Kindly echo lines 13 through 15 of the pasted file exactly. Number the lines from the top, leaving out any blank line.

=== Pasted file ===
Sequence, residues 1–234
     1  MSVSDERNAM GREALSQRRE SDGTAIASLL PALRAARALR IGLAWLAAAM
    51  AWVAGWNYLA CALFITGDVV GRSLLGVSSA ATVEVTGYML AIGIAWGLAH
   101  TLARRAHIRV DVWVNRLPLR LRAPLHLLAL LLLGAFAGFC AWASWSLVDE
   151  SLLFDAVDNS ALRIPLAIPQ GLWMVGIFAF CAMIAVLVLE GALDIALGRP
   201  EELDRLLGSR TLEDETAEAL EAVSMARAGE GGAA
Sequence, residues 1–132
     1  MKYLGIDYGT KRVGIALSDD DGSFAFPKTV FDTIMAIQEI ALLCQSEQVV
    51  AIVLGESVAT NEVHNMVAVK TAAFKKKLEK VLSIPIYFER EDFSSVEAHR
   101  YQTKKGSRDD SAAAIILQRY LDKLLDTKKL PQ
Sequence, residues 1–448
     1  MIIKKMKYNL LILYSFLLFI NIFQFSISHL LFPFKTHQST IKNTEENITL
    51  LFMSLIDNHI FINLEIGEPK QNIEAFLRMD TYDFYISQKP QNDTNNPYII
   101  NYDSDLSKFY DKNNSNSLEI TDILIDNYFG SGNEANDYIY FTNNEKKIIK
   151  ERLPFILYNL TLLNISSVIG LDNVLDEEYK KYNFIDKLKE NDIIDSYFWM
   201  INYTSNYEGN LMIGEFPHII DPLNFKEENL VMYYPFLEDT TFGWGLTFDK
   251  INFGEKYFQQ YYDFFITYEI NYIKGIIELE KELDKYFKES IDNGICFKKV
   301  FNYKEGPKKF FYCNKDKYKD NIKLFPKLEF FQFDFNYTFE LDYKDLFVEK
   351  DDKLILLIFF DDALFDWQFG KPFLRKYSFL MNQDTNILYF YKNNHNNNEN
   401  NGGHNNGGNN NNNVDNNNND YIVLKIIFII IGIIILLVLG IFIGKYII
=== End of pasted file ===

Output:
    51  LFMSLIDNHI FINLEIGEPK QNIEAFLRMD TYDFYISQKP QNDTNNPYII
   101  NYDSDLSKFY DKNNSNSLEI TDILIDNYFG SGNEANDYIY FTNNEKKIIK
   151  ERLPFILYNL TLLNISSVIG LDNVLDEEYK KYNFIDKLKE NDIIDSYFWM